Why Municipal Bonds Aren't Worth The Risk

Bill Gross

Meredith Whitney versus Bill Gross. They have competing and opposite views of the municipal bond market.

Ms. Whitney forecasts a reprise of the ’08 banking crisis with widespread municipal defaults. Bill Gross and many others believe such fears are overblown, pointing to low historic default rates as evidence.

Here’s the problem as I see it. Bill Gross is probably right – the most likely outcome is that several dozen or so municipalities fail, and perhaps many if not all are bailed out by their respective states. Things will probably work out. However, that assessment doesn’t mean munis are a great investment. Bond investors implicitly sell put options on the companies whose bonds they buy.

That is to say, if the issuer continues to prosper they receive their option premium  in the form of a yield above treasuries; and if the issuer fails, they lose many multiples of their option premium. The probability of default needs to be generally a low single digit percentage for this to make economic sense.

Now the toothpaste is out of the tube so to speak, in that muni defaults are being openly debated. Every day pundits on CNBC and elsewhere offer their views. Meanwhile, the muni market continues to  experience selling – to pick just one example, the Nuveen Municipal Value Fund (NUV) has lost 10% in value since its September high (even including distributions).

To a considerable degree, everything will be fine if everyone believes it will be fine. It’s analogous to the slowly unfolding sovereign debt crisis in Europe, where investor avoidance of the peripheral countries drives up their financing costs and makes them weaker credits as a result. As investors assess the value of the put options they are implicitly selling to be higher, it can create funding pressures that are self-fulfilling.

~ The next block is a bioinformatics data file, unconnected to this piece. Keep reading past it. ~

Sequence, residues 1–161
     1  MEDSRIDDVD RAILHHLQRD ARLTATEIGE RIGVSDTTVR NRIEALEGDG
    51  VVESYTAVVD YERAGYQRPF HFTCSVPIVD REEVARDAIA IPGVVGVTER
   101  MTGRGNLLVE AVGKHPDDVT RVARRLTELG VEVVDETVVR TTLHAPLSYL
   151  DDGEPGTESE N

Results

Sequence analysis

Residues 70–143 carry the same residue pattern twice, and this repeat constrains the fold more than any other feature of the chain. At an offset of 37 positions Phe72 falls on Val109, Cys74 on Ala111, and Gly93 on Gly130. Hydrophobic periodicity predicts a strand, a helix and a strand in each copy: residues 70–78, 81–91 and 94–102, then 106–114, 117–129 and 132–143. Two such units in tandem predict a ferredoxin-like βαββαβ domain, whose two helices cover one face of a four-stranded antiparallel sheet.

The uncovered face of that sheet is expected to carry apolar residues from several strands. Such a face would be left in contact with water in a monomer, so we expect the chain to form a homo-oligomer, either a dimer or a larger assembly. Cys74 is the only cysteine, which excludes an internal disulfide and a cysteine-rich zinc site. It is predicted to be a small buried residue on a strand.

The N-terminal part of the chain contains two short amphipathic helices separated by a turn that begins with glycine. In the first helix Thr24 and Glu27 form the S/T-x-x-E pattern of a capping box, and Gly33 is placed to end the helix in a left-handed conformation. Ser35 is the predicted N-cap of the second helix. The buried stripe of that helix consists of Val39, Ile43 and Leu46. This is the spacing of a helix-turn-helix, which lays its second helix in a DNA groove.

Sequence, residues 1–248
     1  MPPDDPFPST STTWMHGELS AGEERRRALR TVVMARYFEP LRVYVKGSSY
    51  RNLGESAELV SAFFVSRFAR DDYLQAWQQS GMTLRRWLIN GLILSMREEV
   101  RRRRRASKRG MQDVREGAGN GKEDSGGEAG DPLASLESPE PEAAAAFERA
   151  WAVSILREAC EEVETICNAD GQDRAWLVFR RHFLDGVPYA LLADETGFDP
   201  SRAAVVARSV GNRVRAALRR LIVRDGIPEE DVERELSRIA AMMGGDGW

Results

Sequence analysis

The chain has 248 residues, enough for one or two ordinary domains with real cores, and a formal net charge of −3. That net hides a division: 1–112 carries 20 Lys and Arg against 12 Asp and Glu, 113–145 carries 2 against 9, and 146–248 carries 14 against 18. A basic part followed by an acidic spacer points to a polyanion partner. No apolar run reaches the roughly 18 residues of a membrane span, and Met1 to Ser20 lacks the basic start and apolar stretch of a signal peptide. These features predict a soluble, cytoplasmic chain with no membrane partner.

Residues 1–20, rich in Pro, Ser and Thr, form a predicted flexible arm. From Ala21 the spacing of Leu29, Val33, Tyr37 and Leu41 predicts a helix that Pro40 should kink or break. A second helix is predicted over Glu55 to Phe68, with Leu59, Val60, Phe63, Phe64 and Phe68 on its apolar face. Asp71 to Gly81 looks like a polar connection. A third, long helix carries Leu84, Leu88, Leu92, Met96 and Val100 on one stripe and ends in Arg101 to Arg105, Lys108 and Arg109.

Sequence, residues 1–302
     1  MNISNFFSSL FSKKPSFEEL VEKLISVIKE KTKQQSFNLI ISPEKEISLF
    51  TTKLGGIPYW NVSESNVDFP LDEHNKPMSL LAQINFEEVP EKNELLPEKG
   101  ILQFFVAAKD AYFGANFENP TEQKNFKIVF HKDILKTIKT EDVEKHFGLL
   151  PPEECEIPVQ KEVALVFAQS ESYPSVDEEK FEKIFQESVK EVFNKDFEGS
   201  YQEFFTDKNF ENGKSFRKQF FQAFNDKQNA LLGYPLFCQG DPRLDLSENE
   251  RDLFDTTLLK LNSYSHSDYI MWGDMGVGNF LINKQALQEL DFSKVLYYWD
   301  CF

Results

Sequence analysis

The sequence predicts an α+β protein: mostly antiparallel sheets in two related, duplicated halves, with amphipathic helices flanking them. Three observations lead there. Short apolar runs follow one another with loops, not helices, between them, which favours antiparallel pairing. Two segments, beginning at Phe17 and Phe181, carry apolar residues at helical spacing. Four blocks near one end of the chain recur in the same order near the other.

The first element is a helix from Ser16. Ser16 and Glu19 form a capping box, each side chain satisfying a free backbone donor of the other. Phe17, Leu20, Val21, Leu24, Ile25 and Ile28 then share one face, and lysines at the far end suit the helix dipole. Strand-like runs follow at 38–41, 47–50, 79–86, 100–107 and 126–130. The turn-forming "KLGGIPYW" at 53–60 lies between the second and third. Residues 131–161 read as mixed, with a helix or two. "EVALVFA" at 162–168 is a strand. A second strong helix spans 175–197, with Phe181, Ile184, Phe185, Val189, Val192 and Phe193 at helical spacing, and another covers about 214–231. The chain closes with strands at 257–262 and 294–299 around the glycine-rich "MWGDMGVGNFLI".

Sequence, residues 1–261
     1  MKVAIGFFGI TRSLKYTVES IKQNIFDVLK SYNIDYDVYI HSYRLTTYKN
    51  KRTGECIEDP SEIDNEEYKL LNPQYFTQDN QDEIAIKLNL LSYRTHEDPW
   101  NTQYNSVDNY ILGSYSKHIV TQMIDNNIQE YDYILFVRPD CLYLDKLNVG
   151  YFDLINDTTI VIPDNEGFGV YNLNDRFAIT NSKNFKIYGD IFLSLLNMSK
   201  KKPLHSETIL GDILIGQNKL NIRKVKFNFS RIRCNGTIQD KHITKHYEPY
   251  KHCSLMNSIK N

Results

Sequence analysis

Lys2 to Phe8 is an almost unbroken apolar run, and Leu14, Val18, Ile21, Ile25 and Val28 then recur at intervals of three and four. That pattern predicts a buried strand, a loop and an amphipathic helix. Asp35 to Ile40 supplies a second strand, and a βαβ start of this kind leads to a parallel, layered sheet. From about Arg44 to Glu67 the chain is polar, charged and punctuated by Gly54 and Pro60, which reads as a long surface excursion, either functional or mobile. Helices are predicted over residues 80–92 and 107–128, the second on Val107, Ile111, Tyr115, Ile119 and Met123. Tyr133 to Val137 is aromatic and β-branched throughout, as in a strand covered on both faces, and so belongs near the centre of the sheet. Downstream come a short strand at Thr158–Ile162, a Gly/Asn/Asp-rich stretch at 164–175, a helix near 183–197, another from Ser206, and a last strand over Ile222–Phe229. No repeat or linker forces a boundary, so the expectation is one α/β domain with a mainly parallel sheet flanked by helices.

So today, an investor in municipal bonds is betting not so much on default risk as much as on the behaviour of his fellow investors. That’s a very different risk than is traditionally faced by income investors in a normally staid and opaque corner of the bond market. In exchange for a put option premium of a few per cent, investors are taking the small but not insignificant risk of their capital being tied up (if for example an issuer was unable to roll over existing debt) or even a capital loss if an issuer does default and is not bailed out by its state government.

The economy’s recovering. Treasury yields will probably drift higher. In a year’s time the issue will probably have resolved itself, either through a drop in Ms. Whitney’s reputation or something far more catastrophic. Stepping away from the muni market for a year, and giving up that annual put option premium, seems a wholly sensible move for the individual investor. Come back next year. By then, the muni market will probably be devoid of nervous investors. The outlook will be clearer, the holders of bonds more confident, and the risk profile substantially different.

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